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First Released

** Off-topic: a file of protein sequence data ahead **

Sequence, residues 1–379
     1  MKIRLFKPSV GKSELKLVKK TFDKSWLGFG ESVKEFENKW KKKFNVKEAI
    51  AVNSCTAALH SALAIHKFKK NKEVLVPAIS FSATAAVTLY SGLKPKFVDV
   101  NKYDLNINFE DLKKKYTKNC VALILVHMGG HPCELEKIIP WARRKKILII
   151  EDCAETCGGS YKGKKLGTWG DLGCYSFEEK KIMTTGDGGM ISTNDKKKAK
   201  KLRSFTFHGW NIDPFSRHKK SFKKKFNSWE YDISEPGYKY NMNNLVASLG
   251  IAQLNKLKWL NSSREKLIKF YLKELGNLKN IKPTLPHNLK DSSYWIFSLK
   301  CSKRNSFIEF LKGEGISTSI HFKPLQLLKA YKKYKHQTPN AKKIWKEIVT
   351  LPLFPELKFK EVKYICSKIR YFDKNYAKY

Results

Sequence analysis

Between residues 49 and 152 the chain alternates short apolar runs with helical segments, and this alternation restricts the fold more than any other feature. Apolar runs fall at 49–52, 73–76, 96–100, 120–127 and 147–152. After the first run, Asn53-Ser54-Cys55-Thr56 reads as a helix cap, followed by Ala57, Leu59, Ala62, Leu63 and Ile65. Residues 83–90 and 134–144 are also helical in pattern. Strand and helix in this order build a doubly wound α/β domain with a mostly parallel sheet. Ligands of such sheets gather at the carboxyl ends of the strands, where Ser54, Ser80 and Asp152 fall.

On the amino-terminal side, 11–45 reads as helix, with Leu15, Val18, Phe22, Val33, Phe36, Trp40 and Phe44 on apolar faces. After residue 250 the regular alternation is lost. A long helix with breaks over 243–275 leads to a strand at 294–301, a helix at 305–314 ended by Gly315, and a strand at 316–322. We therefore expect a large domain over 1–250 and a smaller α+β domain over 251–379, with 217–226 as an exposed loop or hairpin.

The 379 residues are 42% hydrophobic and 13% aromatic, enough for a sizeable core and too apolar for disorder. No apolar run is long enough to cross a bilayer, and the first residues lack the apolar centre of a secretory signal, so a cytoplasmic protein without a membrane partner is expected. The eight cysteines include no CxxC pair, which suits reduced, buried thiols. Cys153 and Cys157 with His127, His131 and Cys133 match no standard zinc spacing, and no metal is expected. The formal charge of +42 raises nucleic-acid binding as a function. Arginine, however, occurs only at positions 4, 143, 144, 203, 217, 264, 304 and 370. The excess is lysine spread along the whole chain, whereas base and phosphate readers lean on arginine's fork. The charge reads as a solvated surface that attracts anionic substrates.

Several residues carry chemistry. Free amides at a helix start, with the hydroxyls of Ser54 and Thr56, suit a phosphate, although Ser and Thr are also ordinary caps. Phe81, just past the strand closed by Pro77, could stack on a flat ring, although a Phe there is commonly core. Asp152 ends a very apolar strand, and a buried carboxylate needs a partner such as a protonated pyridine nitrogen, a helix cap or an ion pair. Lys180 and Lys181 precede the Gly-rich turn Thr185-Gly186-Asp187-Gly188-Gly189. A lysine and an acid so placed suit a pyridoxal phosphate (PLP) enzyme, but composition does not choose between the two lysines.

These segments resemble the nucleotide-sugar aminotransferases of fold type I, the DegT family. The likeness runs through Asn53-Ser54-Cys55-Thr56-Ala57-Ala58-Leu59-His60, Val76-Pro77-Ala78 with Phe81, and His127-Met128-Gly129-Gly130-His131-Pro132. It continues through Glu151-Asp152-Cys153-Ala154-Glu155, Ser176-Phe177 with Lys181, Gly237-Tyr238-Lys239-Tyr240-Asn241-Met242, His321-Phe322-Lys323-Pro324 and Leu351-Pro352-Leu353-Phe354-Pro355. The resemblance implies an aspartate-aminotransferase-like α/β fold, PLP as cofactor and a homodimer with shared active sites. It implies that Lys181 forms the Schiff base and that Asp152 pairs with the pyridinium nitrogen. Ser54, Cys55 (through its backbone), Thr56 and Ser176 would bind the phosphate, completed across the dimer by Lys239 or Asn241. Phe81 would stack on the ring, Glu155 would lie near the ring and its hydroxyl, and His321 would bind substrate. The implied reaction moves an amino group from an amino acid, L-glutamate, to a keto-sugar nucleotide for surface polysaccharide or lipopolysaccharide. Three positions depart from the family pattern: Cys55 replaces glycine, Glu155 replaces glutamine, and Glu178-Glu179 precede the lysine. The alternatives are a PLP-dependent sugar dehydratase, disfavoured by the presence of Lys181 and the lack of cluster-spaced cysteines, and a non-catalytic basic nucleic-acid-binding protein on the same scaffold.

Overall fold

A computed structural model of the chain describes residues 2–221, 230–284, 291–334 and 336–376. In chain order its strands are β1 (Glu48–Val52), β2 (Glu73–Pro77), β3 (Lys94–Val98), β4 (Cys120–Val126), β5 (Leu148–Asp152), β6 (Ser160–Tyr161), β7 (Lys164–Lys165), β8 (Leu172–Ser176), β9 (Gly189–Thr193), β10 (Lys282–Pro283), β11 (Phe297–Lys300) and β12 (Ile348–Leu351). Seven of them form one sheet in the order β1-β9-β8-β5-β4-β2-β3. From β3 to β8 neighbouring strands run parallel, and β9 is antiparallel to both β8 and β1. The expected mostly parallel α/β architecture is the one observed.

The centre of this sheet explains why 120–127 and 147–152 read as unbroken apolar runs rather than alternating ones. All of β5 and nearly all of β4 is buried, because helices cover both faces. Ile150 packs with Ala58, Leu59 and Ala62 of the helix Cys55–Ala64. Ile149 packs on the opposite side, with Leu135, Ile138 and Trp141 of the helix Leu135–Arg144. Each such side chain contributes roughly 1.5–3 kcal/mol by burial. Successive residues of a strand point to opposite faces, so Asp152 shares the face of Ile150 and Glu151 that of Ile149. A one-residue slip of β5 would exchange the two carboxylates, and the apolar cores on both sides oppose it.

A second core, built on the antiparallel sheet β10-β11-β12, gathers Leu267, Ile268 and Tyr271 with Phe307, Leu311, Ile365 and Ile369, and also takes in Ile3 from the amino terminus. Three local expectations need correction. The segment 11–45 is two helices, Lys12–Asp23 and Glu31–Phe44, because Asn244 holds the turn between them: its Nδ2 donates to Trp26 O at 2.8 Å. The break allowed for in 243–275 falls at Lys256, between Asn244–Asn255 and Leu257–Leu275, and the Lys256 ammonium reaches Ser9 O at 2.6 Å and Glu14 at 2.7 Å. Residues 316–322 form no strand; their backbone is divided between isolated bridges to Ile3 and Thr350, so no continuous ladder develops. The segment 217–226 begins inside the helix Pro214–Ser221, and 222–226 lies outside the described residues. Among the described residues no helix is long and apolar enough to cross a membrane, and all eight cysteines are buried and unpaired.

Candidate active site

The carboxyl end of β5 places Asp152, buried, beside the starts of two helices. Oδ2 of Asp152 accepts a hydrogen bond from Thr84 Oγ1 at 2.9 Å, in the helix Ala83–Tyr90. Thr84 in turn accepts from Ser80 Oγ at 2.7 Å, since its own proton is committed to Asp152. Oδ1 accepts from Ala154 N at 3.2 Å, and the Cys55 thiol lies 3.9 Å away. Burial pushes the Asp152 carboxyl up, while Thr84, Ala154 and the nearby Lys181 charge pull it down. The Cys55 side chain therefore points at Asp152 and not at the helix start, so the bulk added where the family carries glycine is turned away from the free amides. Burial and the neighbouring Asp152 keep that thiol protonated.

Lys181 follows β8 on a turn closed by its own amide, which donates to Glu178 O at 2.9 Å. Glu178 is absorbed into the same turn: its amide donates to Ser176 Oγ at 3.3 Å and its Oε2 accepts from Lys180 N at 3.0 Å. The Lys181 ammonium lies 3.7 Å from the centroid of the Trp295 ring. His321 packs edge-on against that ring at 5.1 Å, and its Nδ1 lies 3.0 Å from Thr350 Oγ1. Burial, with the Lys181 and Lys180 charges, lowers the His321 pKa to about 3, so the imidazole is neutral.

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Like the Now That's What I Call Music! series from which it was spun off, Now That's What I Call Christmas! has spawned a series of various-artists collections drawn from the archives of three of the four major labels, Universal, EMI, and Sony BMG, labels that have long-since absorbed nearly all the old independent labels and thus control an enormous chunk of recorded music. The selection and sequencing choices in the sub-series have tended to match those in larger series, which is to say, hits are chosen and then placed in an order that attempts to segue smoothly from one musical style to another. The first Christmas album in 2001 began with traditional fare -- Nat King Cole, Bing Crosby, etc. -- and moved more or less chronologically and stylistically across two CDs until, by the end, it had arrived at the likes of Britney Spears and N Sync. The second album in 2003 reversed the order, starting with Destiny's Child and gradually moving back in time to Guy Lombardo. This third album goes back to the original formula; once again, Cole and Crosby (and Frank Sinatra and Dean Martin) are up front, and by the close of the second disc, Pussycat Dolls and Rihanna are dispensing their versions of Christmas cheer. Three albums in, it might seem that the compilers would have run out of hits, but in fact there are several tracks here that placed in the charts over the years: "Silver Bells," by Crosby and Carol Richards (Richards has been forgotten in the credits, however); "Have Yourself a Merry Little Christmas," by Judy Garland; "Frosty the Snowman," by Gene Autry; "Jingle Bell Rock," by Brenda Lee; "The Chipmunk Song (Christmas Don't Be Late)," by the Chipmunks; and "Little Saint Nick," by the Beach Boys. Christmas-related hit singles have become rare since the '60s, but as the compilers approach the present, they choose tracks from popular Christmas albums, among them such platinum collections as Celine Dion's These Are Special Times and Gloria Estefan's Christmas Through Your Eyes. They have also looked around for unusual holiday recordings, such as Alison Krauss' overtly sexy "Shimmy Down the Chimney (Fill Up My Stocking)." The last handful of tracks on disc two may not measure up to what has preceded them, but by then the collection has provided plenty of holiday pleasure.
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